Cannabis campaigners gather in Leeds after council fails with bid to block pro-legalisation rally
Hundreds of people are taking part in a pro-cannabis protest in Leeds today after council bosses failed with a legal bid to stop the event going ahead.
Leeds City Council sought an injunction as a “preventative measure” after being made aware of plans to hold the Cannabis 420 rally on Woodhouse Moor this afternoon.
The council’s application for the injunction was turned down at a hearing at Leeds County Court on Wednesday.
Documents submitted to the court on behalf of the council said many people would go to the event intending to “engage in the consumption and supply of controlled drugs”.
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Council officers said a similar demo held on Woodhouse Moor last year attracted around 2,000 protesters.
The rally is one of a number of Cannabis 420 legalisation events taking place around the world today.
Gatherings in Leeds and other British cities are being co-ordinated by a campaign group called United Kingdom Cannabis Social Clubs.
The group today said that Leeds’s injunction bid was the first time any local authority in the country had tried to “impose” legal action against a cannabis protest.
United Kingdom Cannabis Social Clubs chairman Greg de Hoedt said: “In other parts of the country, the councils and the police work directly with the cannabis communities to ensure that the public and the protesters have a safe day where everyone’s freedoms are protected.”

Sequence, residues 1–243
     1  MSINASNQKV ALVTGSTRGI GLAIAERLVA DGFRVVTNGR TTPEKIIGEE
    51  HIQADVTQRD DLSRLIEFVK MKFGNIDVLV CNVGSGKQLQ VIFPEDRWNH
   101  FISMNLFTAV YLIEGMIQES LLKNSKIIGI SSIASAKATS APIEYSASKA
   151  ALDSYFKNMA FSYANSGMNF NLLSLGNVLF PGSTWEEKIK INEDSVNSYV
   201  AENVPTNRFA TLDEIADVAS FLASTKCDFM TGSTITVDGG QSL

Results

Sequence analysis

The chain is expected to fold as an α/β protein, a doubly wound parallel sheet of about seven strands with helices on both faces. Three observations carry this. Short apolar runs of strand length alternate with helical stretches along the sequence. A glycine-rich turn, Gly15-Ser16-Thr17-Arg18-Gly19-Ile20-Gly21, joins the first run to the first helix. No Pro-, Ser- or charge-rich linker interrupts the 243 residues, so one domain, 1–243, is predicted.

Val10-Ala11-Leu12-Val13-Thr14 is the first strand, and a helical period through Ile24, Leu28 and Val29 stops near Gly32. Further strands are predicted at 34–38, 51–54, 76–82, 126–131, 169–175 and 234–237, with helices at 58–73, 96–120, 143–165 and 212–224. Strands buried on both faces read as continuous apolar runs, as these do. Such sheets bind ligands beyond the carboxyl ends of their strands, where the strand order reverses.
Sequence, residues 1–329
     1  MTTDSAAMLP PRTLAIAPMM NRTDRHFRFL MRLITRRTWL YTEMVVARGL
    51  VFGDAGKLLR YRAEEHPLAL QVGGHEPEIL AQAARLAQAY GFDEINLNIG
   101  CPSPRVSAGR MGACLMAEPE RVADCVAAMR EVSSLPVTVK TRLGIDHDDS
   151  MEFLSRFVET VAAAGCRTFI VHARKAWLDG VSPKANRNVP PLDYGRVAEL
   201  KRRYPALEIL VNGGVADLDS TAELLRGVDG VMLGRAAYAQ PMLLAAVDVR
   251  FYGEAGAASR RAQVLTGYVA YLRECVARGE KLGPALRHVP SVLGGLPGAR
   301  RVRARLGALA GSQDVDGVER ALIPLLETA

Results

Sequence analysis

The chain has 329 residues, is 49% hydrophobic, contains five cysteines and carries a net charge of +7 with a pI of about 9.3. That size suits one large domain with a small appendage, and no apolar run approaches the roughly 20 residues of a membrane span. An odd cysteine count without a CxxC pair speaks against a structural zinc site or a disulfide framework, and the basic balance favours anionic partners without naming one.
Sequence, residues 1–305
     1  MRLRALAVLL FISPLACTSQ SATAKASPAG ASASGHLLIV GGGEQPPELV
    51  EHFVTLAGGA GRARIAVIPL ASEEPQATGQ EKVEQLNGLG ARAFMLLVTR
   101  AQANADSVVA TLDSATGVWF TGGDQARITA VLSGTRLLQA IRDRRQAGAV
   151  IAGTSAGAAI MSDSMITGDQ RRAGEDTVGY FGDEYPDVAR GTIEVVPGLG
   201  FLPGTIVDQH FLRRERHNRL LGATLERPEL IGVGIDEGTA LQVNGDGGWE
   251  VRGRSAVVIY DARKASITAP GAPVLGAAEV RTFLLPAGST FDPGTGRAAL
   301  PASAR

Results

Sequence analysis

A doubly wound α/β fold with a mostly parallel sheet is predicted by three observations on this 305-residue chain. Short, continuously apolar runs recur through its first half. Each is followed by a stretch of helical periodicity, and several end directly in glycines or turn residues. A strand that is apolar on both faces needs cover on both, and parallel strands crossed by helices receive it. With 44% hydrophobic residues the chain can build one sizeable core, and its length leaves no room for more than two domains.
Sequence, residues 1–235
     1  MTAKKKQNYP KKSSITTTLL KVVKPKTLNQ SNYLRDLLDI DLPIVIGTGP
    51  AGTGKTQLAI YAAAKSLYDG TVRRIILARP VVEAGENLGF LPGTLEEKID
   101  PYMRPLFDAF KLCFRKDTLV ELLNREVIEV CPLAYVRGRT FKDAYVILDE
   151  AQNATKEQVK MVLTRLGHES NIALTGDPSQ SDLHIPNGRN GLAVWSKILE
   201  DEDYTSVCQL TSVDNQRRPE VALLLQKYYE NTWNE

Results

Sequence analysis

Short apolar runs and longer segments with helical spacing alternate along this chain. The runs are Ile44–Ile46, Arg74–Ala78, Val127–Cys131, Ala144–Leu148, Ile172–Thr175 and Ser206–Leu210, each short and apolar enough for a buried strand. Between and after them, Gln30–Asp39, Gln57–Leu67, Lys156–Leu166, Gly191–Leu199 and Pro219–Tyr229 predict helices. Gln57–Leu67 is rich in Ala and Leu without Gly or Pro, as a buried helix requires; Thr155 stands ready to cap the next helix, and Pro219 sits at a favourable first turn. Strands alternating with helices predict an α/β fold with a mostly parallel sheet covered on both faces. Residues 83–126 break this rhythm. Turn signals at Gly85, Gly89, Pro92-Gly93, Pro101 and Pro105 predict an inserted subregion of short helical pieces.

He added: “We hope this situation means that Leeds City Council can have a more approachable and constructive dialogue with local cannabis campaigners in the future.”
The council today said it had gone to court after unsuccessful attempts to “open a dialogue” with the people behind the event.
A spokeswoman for the local authority said it wanted assurances that the organisers had “considered and shown due diligence regarding the safety and management of those who may be attending”.
Commenting on the rally, West Yorkshire Police’s Chief Insp Simon Jessup this afternoon said officers had been deployed to patrol what he described as the “local vicinity”.